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# What is K- Nearest Neighbors Algorithms In Machine Learning | Realcode4you

Before learn about K-Nearest Neighbors first we know about supervised and unsupervised machine learning algorithms.

Un-Supervised Learning

Organize a collection of unlabeled data items into categories .

• The instances are unlabelled and the goal is to organize a collection of data items into categories,

• The items within a category are more similar to each other than they are to items in the other categories. Clustering is also good approach for anomaly detection.

Example: K-means

Supervised Learning

Predict the relationship between objects and class-labels (Hypothesis)

• Each object is labeled with a class.

• The target is to find the predictive relationship between objects and class-labels. (Hypothesis) Example:

• K-NN (K- Nearest Neighbor

• Decision Trees (Id3, C4.5)

• SVM (Support Vector Machines)

• ANN (Artificial Neural Network)

• NB (Naive Bayes)

K-Nearest-Neighbors Algorithm

• K nearest neighbors (KNN) is a simple algorithm that stores all available cases and classifies new cases based on a similarity measure (distance function)

• KNN has been used in statistical estimation and pattern recognition since 1970’s

• A case is classified by a majority voting of its neighbors, with the case being assigned to the class most common among its K nearest neighbors measured by a distance function.

• If K=1, then the case is simply assigned to the class of its nearest neighbor

Features

• All instances correspond to points in an n-dimensional Euclidean space

• Classification is delayed till a new instance arrives

• Classification done by comparing feature vectors of the different points

• Target function may be discrete or real-valued

-Instance based learning algorithm

- Lazy learner: needs more computation time during

classification

- Conceptually close to human intuition: e.g., people with

similar income would live in the same neighborhood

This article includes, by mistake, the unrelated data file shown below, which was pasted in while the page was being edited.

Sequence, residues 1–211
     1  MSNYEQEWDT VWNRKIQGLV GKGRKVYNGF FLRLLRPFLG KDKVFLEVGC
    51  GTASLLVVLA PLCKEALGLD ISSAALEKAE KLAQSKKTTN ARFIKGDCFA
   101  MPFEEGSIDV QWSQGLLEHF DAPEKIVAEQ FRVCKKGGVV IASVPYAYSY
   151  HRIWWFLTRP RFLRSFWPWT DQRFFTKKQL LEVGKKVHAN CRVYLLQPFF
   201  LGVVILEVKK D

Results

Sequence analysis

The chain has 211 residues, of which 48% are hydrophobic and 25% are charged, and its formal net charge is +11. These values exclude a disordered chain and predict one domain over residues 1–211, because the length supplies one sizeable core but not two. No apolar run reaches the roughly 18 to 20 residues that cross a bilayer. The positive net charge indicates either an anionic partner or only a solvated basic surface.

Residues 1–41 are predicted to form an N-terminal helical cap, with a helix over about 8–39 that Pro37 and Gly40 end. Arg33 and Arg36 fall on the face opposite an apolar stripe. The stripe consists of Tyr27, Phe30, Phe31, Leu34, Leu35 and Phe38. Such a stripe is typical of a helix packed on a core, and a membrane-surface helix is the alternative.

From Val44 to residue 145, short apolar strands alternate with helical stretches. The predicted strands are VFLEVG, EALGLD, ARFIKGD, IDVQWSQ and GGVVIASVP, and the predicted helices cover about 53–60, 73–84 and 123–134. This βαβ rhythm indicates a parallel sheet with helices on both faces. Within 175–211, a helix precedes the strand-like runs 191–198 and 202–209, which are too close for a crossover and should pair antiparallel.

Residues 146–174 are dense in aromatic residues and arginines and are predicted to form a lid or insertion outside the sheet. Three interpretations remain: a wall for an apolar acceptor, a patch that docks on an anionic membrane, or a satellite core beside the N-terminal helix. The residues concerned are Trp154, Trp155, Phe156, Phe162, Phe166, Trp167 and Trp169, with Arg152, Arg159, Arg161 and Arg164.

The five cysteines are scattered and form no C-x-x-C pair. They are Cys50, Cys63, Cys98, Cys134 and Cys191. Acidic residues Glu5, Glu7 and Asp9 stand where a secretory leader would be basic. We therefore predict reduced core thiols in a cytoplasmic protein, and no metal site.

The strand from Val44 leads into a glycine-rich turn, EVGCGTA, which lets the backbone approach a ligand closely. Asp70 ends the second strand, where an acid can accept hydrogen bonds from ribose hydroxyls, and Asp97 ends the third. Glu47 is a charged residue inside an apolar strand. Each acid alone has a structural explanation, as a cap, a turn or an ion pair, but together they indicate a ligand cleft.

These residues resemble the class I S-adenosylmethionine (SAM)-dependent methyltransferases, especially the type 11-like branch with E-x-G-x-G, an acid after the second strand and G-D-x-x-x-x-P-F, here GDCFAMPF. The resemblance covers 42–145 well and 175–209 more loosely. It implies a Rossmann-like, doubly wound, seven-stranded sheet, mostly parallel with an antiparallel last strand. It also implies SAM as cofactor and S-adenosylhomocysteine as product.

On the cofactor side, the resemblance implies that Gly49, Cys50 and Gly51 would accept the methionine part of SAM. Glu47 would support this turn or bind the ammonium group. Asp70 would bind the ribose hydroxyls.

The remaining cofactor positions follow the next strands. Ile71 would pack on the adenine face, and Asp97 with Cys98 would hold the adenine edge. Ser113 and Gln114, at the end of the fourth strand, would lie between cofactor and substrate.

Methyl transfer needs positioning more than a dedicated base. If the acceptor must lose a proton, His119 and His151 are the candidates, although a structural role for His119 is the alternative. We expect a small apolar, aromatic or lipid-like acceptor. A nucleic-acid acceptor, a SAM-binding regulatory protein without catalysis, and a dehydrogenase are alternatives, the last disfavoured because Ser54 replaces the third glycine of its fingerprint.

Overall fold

Classification strategy:

K-NN assigns the instance to relative class group by identifying the most frequent class label.

In some case when numeric instances are involved proximity distance measures is required. E.g., Euclidean Distance KNN Example Similarity metric: Number of matching attributes (k=2)  Selecting the Number of Neighbors

-Increase k:

• Makes KNN less sensitive to noise

- Decrease k:

• Allows capturing finer structure of space

- Pick k not too large, but not too small (depends on data)

1. Need distance/similarity measure and attributes that “match” target function.

2. For large training sets,

• Must make a pass through the entire dataset for each classification. This can be prohibitive for large data sets.

3. Prediction accuracy can quickly degrade when number of attributes grows.

Using K-NN in R

Case study: Iris data set

```df <- data(iris)

# look into data structure
str(iris)
dim(iris)```

Generate a random sample of all data

```# Generate a random sample of all data
# in this case 82% of the  dataset.
randSelection <- sample(1:nrow(iris), 0.82 * nrow(iris))
randSelection```

Normalization

```# data normalization f
normalization <-function(x) { (x -min(x))/(max(x)-min(x))  }

# Run nomalization on on coulumns which are the predictors

irisNormalized <- as.data.frame(lapply(iris[,c(1:4)], normalization))

summary(irisNormalized)```

Training & Testing

```## seperate data into training and testing to #check model accuracy
#  get training data
training <- irisNormalized[randSelection,]
nrow(training)

# get testing data
testing <- irisNormalized[-randSelection,]
nrow(testing)```

Obtain the class label

```# obtain the class label of train dataset because as it will
#be used as argument in knn classifier
targertClass <- iris[randSelection,5]
targertClass
summary(targertClass)

# extract 5th column if test dataset to measure the
#accuracy
testClass <- iris[-randSelection,5]
summary(testClass)```

Install package class for k-nn & Build the model

```library(class)
# building the model for classification
# run knn classifier
# here we use k = 10

classificationModel <-  knn(training,testing,cl=targertClass,k=10)
classificationModel

```

Confusion matrix

```#create confusion matrix to check model
# performance
ConfMatrix <- table(classificationModel,testClass)
ConfMatrix```

OUTPUT: Model Accuracy

```#Calculate model accuracy
modelAccuracy <- function(x){sum(diag(x)/(sum(rowSums(x)))) * 100}
modelAccuracy(ConfMatrix)```

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